Although filing a renters insurance claim isn't difficult, going about it the wrong way can result in wasted time, a lower payment, or even a denial. Here's what you need to do to successfully file a claim on your renters insurance policy.
There are a number of reasons it's good to know as much as you can about filing a renters insurance claim before you actually go ahead and do it.
One reason is it gives you the best chance of having a smooth experience. Another reason is it'll likely keep you from receiving a denial notice from your insurer.
It also ensures you'll be in the best position to receive full compensation for whatever loss pushed you to file a claim on your renters policy.
Now that it's clear why you want to approach the claim-filing process as prepared as possible, what else do you need to know? Here are some of the all-important details that will be discussed in this article:
A few of the things you can do to get yourself ready to file a renters insurance claim:
Although filing a renters insurance claim isn't all that difficult, there are a number of steps you need to take if the process is to end smoothly and successfully.
If you've never before filed a renters insurance claim--or a homeowners or auto insurance claim, for that matter--you may be wondering, Why should I worry about when I should or shouldn't file a claim? Shouldn't I be able to file a claim whenever my property is damaged, destroyed, or stolen?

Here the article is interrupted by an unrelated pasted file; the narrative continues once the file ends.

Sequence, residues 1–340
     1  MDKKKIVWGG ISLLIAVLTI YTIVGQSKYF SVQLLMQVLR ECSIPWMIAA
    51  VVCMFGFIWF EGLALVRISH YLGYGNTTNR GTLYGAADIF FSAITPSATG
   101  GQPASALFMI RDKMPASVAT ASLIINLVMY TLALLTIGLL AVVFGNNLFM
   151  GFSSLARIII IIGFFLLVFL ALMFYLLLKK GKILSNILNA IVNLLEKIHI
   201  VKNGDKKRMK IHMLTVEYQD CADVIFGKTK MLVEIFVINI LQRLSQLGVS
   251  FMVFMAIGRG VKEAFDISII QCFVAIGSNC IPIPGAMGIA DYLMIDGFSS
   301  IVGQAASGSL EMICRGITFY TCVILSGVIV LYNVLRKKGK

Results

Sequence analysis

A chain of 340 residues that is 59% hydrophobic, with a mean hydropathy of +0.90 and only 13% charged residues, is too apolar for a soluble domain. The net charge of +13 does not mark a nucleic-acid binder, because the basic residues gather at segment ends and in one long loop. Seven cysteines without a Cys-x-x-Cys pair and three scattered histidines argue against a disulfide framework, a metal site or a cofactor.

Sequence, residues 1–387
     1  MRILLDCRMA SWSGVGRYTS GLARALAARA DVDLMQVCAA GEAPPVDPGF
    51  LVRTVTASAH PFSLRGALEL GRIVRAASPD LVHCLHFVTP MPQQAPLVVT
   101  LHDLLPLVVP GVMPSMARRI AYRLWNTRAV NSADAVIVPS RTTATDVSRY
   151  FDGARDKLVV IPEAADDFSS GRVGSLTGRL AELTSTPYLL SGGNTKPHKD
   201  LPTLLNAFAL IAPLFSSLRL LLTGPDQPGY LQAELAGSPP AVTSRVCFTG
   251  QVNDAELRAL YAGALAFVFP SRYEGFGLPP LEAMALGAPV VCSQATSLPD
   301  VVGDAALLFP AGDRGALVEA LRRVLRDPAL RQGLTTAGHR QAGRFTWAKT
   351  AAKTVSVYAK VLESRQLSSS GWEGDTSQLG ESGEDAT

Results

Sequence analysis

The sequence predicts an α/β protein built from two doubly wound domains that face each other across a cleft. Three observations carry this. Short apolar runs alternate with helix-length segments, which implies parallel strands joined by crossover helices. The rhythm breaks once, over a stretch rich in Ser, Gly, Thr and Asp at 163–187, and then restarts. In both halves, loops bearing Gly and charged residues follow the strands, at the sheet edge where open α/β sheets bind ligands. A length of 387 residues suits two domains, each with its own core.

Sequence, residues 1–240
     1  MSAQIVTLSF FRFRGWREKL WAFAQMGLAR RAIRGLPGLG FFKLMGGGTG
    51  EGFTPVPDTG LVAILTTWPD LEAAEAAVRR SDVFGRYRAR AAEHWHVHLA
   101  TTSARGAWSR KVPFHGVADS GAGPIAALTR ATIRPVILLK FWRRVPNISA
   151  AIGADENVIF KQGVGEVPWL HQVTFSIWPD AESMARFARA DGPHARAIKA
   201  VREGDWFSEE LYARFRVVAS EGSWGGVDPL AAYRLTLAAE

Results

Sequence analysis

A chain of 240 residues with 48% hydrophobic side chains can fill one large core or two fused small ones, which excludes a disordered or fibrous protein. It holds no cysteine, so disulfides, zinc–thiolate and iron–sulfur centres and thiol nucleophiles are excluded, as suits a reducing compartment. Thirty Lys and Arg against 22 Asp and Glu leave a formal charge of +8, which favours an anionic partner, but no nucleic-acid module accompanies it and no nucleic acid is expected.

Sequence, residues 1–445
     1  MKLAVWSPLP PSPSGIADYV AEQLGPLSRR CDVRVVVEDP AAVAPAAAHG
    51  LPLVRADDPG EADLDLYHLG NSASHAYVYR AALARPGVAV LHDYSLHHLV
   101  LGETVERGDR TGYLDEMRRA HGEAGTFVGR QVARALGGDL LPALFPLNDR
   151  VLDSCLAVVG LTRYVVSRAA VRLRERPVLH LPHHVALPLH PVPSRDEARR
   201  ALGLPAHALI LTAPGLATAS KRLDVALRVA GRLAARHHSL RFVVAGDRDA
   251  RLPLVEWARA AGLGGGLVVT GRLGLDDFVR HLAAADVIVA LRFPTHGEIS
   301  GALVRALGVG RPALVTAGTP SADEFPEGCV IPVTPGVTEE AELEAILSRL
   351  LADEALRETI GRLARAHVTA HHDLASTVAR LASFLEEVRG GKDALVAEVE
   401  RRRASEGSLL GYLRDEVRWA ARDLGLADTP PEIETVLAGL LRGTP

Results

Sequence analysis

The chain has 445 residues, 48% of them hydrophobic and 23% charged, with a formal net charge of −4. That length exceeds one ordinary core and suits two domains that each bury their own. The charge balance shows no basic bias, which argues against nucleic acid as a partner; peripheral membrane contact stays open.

You can do that, of course. Nothing is stopping you. Or at least nothing like the law is stopping you.
The insurance company that sold you your renters insurance policy may stop you, though. How so? One example is it may increase your premium--potentially dramatically. Another example is it may decide to cancel your policy altogether.
Admittedly, most insurers won't take either of those steps if you file just a single claim, but they could. And seeing at least a modest premium bump is a real possibility even if you've never before filed a claim.
To avoid those scenarios, think twice about filing a renters insurance claim unless:
This will be the first claim you've ever filed on your renters insurance policy. People who have never "used" their plans are in the best position to file a claim for a loss and not be hit with a premium hike or a policy cancelation. Even then, you shouldn't file your first claim flippantly. Insurers expect policyholders to only rarely file claims. Specifically, most of them react negatively to anyone who files more than one claim every 10 years. Given that, pick your battles. If you suffer a big loss and you've never filed a claim, this may be the perfect time to do so. If you suffer a fairly small loss, though, you might want to cover it yourself if you think it's possible you'll need to call on your renters policy at some other point in the next decade.